The Eastern Cape blue cycad, Encephalartos horridus
The Eastern Cape blue cycad (Encephalartos horridus) is a small, cycad species plant. The plant is found in the Eastern Cape Province in South Africa. This low-growing plant prefers arid shrubland with shallow soil. The name “horridus,” meaning bristly, is derived from its spiky, stiff leaflets.
The Eastern Cape blue cycad has a unique coloration in its bluish/gray leaves — colors may vary considerably. The plant reaches heights up to 3 feet tall and trunks are approximately 3 feet wide. A majority of the species’ stems grow underground and measures around 20-50 inches long; leaves are long, reaching about 50 inches.
Both male and female cones are found individually on the Eastern Cape blue cycad. Its cones are covered with a heavy layer of short, fine hairs. The plant’s cones vary in color from brown to reddish-black. Male and female cones can be differentiated by their shape. Male cones are cylindrical, while female cones are egg shaped. The Eastern Cape blue cycad contains seeds that have flattened surfaces and are triangular in shape. The species reproduces by suckering or insect pollination.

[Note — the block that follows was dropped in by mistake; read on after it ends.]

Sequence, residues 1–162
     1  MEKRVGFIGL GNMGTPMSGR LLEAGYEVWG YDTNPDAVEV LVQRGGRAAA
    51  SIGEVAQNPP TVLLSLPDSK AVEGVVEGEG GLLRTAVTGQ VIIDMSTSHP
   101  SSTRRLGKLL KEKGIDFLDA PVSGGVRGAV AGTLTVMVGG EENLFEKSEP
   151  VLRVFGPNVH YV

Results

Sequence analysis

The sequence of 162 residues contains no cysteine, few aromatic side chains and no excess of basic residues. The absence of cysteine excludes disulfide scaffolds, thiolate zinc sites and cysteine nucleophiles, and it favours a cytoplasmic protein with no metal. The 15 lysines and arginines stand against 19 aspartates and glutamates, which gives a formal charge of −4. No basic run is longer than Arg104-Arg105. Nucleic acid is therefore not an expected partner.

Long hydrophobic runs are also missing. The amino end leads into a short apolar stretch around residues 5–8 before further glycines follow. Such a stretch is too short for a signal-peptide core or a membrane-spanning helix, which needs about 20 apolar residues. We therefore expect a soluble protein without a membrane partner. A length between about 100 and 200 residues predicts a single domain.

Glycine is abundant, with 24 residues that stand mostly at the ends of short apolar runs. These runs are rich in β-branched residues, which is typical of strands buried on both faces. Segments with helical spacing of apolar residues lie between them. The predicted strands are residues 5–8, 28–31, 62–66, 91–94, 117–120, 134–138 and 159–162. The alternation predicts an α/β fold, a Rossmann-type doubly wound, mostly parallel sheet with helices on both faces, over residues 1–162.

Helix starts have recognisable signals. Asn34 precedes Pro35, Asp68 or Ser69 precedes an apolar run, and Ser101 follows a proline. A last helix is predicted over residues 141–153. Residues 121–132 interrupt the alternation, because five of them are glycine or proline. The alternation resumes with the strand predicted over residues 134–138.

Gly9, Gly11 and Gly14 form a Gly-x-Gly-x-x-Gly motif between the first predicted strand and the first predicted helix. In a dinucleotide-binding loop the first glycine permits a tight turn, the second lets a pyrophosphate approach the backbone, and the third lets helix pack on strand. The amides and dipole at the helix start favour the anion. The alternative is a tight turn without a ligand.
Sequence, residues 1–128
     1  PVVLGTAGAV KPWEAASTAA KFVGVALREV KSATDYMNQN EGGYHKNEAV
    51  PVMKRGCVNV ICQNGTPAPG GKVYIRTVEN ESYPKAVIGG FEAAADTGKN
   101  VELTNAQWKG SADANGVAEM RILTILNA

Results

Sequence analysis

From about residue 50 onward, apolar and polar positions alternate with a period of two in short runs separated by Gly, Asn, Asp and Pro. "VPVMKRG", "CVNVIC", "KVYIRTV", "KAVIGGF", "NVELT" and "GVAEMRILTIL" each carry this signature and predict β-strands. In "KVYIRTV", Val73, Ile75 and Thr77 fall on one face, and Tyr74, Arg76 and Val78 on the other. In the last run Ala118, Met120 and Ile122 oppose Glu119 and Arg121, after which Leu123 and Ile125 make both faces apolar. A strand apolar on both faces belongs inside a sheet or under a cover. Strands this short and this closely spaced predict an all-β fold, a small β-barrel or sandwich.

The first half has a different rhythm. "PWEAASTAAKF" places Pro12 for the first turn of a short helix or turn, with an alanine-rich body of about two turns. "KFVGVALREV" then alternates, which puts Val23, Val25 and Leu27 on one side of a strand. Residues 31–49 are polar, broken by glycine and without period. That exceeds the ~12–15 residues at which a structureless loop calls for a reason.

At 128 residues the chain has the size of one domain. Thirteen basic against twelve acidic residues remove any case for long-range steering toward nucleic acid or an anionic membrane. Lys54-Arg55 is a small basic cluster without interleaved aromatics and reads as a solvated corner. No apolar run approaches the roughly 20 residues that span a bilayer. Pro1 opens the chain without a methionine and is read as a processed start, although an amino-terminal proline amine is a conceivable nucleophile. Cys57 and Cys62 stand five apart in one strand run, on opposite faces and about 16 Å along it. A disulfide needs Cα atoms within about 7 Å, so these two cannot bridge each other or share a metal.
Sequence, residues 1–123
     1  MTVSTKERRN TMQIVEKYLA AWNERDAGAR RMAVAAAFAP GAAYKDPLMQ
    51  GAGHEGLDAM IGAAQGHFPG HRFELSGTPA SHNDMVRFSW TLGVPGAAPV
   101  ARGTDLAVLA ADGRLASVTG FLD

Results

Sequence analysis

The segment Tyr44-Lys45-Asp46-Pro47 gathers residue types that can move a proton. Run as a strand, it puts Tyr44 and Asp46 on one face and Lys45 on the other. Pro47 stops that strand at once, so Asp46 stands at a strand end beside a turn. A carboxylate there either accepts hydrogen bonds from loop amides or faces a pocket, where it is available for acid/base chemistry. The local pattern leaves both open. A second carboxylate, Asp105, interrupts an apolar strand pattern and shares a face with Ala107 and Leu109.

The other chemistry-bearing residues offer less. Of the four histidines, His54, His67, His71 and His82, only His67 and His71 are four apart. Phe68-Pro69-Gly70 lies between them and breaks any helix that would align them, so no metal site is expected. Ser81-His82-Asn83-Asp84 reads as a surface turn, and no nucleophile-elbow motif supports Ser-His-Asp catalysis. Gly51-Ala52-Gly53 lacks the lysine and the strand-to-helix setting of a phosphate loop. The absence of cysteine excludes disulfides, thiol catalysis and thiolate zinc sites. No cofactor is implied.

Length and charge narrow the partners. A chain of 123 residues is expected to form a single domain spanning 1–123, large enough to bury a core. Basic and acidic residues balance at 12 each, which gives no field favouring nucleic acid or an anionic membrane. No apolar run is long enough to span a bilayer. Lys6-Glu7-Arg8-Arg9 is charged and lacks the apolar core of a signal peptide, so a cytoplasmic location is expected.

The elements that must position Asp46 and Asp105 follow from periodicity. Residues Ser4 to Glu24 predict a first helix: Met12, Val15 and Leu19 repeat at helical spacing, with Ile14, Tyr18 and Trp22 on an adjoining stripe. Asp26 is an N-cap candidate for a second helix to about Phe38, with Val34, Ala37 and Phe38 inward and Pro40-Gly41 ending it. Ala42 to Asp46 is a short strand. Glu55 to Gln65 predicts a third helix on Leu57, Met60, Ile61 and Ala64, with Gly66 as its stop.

The Eastern Cape blue cycad prefers a warm climate with moderate rainfall and excellent drainage. The plant flourishes in full sunlight. Habitat ranges and soils are deep and fertile with open rocky ridges.
The Eastern Cape blue cycad grows slowly and is highly coveted. Today commercial nurseries readily make the species available but in the past over-collection of the plant caused wild Eastern Cape blue cycads to be listed as an endangered species.
Image Caption: E. horridus observed at the Botanical Garden in Berlin, Germany. Credit: BotBln/Wikipedia (CC BY-SA 3.0)